The Journal Petra

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John Rufo

From Delete

I wake up into fury. No, that's not right — the anger does not reside somewhere outside my body but

instead as an atmosphere that can be permeated and lived within. Lived under. To be alive, but under.

To make up the requirements for living when under. Because of the under. Understand me: I am in

no way to be screwed with at these precise moments, or any of the other preliminary ones plotted out

in this spaceship we call the future. I wake up      ~*~*~*~      into fury in the same way I wake up into

my body, in the same way I wake up into the dream that produces all other dreams, which is to say,

nightmares, which is to say, the same way I wake up is the way in which I will die, which is to say,

slowly, which is to say, saying, which is to say, with the fury of a thousand flowers opening up through

the words, coming up through the page, alighting all letters, a letting that prescribes blood and water,

undulations I make whenever I come up through the dirt and find an unclean spirit to do my bidding,

to bide the time until the next time remaining comes to find me. For fury to be furious, let its activating

agent try me. Try me. There is a precedent for this, as if your attempts to erase past can be looked

passed. When I wake up I am already an exhaustion, but I'm going to ask you to calm down with me.

Wear out with me. Let's be thoroughly together at the same time. Because the combination's already

all in. And the garden's our own dry decay. Come she will in the come‐up, in the tumult and thicket,

rot and rotated.

* * *

My priestly non‐priest, your prescience is so near, both before the silences of science and after, all

prickly pear. I say "my" with the full knowledge that you aren't and were never mine, just as I was

never myself mine, that I never held myself without being also yours. That we come forward with the

foreknowledge and hindsight, the seeing. Under cover by being under covers, the "under several

beehives" as you write it. Sometimes we look back at                                              the old writing and

realize we already knew what we're writing now, but         *~*~*~*~*~*~*~         we're led into the lie
that we're re‐inventing it and just seeing it now. No, we     ~*~*~*~*~*~*~*         knew.                The
knowledge was a whirlpool. Later rationalized as a                                                  whirlpool: I often

think about this phrase, which I picked up through some dictionary or another, that Charybdis, narrow

swirling sea monster with rock‐teeth and many‐waved‐tongue, which licks your sores to death, was, at

a certain point, re‐realized as whirlpool. Name changed, but maybe key changed. Meaning fluctuated,

sank, rose up, got caught in itself again, rotating. What rots at sea except wood and ship, ledger and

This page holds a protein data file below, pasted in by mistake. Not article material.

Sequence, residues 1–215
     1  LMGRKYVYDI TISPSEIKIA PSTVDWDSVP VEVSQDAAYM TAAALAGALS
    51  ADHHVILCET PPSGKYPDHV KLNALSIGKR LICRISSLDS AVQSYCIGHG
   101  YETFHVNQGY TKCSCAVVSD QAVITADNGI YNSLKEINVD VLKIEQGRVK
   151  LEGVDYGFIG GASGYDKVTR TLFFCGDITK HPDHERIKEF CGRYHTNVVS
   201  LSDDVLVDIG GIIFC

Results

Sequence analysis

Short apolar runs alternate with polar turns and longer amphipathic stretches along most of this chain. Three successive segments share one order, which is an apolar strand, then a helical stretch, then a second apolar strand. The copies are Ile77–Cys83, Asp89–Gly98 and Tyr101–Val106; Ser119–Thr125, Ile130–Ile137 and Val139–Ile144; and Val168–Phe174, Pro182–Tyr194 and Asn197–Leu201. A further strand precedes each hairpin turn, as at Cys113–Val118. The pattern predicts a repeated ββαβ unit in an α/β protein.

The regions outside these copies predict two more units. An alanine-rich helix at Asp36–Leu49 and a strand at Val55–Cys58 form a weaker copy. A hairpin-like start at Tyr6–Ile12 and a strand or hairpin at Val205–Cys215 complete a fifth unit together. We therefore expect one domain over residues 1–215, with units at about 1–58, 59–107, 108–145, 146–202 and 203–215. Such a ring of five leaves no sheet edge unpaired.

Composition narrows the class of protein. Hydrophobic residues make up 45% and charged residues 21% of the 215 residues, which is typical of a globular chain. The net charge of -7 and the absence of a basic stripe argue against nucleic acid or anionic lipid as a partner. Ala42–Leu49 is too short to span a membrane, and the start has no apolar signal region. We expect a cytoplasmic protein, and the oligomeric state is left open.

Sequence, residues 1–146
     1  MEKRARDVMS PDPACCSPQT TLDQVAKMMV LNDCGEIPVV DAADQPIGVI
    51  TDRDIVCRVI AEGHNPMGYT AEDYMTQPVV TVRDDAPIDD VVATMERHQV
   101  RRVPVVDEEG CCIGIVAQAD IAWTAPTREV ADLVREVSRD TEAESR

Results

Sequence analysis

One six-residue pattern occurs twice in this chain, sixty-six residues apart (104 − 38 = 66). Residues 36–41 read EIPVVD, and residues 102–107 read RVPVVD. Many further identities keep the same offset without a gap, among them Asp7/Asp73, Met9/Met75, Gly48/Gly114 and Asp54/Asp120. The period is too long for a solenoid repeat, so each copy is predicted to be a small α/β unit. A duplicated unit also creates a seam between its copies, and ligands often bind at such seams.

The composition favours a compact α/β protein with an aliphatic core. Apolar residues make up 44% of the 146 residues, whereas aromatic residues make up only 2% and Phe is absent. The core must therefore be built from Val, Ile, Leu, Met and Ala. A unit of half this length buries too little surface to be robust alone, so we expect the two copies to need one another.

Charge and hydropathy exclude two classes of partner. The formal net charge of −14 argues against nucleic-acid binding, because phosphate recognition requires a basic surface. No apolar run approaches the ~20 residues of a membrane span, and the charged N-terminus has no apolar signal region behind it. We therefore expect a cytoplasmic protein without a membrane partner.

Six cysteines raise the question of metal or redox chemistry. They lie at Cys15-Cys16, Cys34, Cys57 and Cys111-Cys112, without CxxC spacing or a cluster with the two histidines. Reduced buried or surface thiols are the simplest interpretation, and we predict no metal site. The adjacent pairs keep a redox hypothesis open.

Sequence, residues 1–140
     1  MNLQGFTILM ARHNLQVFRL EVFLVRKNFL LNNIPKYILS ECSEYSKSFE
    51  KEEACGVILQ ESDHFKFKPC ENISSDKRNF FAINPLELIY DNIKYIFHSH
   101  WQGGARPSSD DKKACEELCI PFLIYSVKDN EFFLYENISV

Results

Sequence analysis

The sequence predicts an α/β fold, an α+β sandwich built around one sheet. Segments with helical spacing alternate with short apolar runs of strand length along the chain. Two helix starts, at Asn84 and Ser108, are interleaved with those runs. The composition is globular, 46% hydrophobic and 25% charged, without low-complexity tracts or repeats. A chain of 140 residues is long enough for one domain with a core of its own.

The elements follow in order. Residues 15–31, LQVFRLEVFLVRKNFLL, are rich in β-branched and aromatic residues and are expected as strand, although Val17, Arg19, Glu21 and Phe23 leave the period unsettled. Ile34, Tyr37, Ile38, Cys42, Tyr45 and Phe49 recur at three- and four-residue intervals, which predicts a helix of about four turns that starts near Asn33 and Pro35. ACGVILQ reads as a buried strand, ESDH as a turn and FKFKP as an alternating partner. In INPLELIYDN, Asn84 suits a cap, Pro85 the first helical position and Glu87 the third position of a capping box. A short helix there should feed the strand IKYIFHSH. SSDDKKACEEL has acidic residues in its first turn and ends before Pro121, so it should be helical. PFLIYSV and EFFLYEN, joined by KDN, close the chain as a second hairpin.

compass, maps? I'll tell you the rotting, which is itself also growing and groaning and growling, or will

try to. To what you get accustomed becomes what you are — no, it's where people can find your

location, its echo and purr. It's your email address. It's the letters that get sent and you send, sending

forth a churning that sends back, in an instant, auto‐reply. To consider the number of the drowned,

to even start comprehension.

* * *

When Janice says the sky isn't blue, she's considering how Los Angeles distances itself from blue‐

black through continual gentrifying pollution, through fog‐conquest that ends up coming back,

through endless commutes that actually do end, and that this is the problem: if they seemingly went

up and made themselves truly endless, that would be reckoning and recognition, whirlpool on pause.

Obfuscated and fussy, mostly fed‐up and foliaceous. With earned insight into how one once was, how

does one continually prepare for the present and its presentation? Its pretentious and portentousness.

Its purple prose, all gloomy and cloud with no rain. But maybe I'm still discussing the past as Tarot

methodology into future. My problematic with time arrives something like junk: the present presents

itself as a dilapidated dumpster, trash‐pile, not closed‐up landfill, an arrangement of physical things as

messed up with an emphasis on mess and up; and that the past understands itself through nostalgia

weeping, sepia‐tone yet still suddenly blue, question of blue, postcards post‐tense post‐matter, post‐

present, even, silver‐plated copper with mirror finish, emulsion and ambrotype and tintype, dark

lacquer and enamel, watching you come and stay running. Where the flowers swell above water and

blush in surfacing, oxygen‐laden.

* * *




















John Rufo's materials have been published, or are forthcoming, on Poets [dot] org, Ploughshares, The Offing, The Capilano Review, Tagvverk, and Dreginald. Links and contact at